• Ministry of Justice: Manages law, judiciary, and punishment.


  • Ministry of Constructions: Responsible for the design and implementation of national constructions.

Unearthed Fan of the Song Dynasty with Lacquer Handle

Fan of the Song with Lacquer Handle — Shaowu Museum (Photo by Dongmaiying)

Official Selection System

The Imperial Examination was widely implemented during the Song Dynasty, allowing individuals with talent to enter the ruling class based on their abilities rather than their class origin.


This process was applied to select both civil and military officials during the period.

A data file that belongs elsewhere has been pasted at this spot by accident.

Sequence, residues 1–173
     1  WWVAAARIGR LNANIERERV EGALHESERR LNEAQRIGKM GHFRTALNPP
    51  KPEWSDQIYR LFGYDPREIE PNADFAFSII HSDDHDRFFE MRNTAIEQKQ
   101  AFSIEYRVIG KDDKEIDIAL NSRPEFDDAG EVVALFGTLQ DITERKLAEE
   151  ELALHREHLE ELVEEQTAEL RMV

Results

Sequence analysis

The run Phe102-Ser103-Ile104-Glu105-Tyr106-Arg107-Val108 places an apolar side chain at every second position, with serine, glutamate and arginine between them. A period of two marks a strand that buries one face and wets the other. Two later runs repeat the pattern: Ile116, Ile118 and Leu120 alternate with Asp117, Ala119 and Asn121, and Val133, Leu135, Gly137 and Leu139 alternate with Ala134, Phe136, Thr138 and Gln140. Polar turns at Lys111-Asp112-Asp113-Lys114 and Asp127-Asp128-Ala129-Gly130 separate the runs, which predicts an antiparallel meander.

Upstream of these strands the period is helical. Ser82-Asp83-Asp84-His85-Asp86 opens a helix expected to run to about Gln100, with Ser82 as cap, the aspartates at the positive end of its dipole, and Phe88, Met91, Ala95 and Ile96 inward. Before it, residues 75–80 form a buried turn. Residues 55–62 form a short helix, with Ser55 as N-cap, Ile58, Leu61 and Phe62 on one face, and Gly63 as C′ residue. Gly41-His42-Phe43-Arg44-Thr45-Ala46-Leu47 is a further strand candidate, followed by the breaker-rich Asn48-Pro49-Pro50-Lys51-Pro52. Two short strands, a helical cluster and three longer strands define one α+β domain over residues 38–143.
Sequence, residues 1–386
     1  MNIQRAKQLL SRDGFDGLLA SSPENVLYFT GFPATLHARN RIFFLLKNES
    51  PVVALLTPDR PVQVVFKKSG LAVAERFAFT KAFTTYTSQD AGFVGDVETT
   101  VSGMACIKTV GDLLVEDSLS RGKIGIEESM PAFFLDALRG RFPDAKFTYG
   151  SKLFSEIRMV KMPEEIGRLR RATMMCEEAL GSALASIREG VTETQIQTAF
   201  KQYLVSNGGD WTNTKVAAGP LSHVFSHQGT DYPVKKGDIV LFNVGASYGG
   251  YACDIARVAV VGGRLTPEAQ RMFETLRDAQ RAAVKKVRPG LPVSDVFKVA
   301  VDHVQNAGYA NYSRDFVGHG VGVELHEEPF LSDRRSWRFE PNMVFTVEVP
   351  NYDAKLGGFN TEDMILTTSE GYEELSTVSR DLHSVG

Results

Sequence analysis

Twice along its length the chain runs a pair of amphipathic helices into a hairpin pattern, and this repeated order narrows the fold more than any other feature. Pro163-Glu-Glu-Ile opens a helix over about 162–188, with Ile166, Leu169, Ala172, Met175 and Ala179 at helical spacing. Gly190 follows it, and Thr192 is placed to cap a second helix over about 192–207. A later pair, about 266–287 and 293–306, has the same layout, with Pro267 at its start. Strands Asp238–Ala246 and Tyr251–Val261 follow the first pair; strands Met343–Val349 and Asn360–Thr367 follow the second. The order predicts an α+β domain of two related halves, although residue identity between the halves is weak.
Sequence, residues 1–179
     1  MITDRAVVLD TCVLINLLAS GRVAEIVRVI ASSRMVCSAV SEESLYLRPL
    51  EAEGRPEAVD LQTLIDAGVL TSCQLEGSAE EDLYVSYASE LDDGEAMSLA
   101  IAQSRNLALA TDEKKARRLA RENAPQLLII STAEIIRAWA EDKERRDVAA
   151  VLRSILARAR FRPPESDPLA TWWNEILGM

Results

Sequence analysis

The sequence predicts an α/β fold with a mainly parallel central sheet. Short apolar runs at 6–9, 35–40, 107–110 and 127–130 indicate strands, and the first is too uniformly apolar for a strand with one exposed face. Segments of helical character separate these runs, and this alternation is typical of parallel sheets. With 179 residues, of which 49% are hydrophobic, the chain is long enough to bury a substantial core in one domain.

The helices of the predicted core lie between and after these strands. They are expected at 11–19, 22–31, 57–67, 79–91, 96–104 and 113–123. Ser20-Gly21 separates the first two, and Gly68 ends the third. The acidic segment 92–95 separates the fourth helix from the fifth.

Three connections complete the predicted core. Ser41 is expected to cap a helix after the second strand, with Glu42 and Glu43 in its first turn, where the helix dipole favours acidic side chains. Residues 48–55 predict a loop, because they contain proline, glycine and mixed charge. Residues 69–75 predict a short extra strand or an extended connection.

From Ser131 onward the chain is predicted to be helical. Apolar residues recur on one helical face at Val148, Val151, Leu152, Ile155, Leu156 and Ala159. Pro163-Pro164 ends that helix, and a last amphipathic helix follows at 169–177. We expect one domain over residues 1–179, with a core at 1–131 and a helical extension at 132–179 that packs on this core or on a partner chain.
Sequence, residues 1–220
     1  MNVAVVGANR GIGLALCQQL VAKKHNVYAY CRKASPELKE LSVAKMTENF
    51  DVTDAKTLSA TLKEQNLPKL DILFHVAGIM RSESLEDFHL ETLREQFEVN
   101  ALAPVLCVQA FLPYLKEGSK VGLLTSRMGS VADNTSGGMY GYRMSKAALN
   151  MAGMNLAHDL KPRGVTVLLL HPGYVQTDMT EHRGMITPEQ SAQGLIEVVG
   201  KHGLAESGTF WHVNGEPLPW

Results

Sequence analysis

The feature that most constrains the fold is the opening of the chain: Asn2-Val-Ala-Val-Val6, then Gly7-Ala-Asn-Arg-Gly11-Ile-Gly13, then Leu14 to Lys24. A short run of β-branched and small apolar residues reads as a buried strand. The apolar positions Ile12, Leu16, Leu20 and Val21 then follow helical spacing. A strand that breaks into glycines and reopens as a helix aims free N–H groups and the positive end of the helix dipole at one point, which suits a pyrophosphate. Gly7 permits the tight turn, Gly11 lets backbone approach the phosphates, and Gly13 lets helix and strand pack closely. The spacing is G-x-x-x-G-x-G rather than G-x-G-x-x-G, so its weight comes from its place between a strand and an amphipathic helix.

Tax System


  • Civilians paid taxes twice a year, in the summer and autumn, using farmland products, textiles, or money. The tax amount and type were typically determined by the extent of their land and property holdings.


  • Capitation.


  • Labor Services, mainly to deal with floods or construction.

Those who performed the services would receive payment, or one could alternatively pay others to do the labor services or pay a certain amount of money to be exempted.

Copper Currency of the Song Dynasty

Copper Currency of Song, the Chinese Characters Carved on were Written by Emperor Zhao Ji — National Museum of China

Military Service


Recruitment of Professional Soldiers, compensated by the government, received comprehensive benefits including salary, clothing, and other essentials.


The government extended these benefits to cover the soldiers' families, allowing them to reside together.


Once selected, soldiers were typically bound to their military careers and faced severe consequences, including punishment, if they attempted to flee from battle.